Ulan – Ude , a Siberian city with Mongolian roots
This beautiful and mysterious city remains unknown for the majority of the travellers. A quiet but very vibrant place that is famous mainly for its proximity to the lake Baikal and the Old Believers’ (or Old Ritualists) villages that are located around. But what else to do in a Siberia, and more specifically in Ulan Ude in winter when temperatures are way below 0?
Having an almost 7-hour flight which leads you in a different continent but within the same… country is very uncommon. This is the flight that took us from Moscow to one of the most Asian-influenced Russian cities, the capital of Buryatia, Ulan- Ude . Definitely a taster for what is to travel in the biggest country of the world! Additionally, as the 20% of the population is originally from Mongolia, Ulan – Ude is probably an introduction on how Mongolia looks like. Unfortunately this time we are skipping Mongolia but we will come back in the future to explore it as much as possible!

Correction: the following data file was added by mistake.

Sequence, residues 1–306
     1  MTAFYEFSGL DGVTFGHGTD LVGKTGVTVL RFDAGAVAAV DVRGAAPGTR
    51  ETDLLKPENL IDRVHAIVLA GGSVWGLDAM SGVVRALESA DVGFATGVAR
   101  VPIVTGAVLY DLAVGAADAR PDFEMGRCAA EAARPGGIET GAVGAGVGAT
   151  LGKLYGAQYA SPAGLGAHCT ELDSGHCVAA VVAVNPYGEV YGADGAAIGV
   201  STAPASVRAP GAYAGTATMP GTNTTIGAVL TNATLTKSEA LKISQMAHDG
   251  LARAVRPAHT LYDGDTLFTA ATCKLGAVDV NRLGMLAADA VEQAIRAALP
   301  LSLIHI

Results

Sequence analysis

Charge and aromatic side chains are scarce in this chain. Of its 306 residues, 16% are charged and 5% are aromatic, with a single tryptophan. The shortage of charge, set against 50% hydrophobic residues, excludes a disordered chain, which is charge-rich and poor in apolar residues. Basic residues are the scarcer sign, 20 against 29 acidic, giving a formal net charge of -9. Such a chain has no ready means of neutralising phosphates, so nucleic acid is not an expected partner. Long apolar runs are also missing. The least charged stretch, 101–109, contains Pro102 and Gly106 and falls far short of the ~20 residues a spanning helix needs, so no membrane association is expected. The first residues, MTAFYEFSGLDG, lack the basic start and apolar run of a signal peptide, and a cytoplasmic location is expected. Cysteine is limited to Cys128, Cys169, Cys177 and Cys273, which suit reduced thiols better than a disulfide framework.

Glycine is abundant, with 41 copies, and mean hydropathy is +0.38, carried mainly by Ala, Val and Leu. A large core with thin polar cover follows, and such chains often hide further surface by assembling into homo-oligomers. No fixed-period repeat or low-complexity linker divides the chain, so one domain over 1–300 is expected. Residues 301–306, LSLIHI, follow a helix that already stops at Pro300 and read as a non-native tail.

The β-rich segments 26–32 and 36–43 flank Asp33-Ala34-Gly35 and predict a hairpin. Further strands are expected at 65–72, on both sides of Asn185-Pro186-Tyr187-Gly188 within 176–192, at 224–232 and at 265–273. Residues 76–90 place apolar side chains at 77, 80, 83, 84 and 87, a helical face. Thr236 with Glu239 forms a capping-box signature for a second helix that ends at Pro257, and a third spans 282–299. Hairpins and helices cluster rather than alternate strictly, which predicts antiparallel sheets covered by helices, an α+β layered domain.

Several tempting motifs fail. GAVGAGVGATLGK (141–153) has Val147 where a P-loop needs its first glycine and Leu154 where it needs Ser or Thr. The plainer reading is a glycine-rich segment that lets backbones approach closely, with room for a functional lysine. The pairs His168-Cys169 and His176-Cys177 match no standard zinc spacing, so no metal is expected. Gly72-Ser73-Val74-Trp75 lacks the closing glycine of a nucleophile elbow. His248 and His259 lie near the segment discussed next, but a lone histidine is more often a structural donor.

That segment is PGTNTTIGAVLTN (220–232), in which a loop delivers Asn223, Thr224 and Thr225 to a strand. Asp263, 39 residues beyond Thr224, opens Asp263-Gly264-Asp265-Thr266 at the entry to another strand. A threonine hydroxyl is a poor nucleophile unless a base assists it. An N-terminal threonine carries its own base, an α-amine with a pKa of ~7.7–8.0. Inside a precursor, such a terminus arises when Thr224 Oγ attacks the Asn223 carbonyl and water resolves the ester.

A tourist visit to UU (amongst other Russian cities) was prohibited by the Russian government till the early 90’s . Since then, the city has attracted lots of foreign tourists especially due to the Lake Baikal and the Buddhist culture that is present in the area; in fact, the biggest Buddhist temple in Russia is actually few miles away from UU.
In my point of view cities like Ulan-Ude have a lot to teach travellers but it may be tricky to reach them from the other side of the world. I would visit it again though , not even questioning this! But what do you think? Is Ulan-Ude in winter too remote (and frozen) for your bucket list?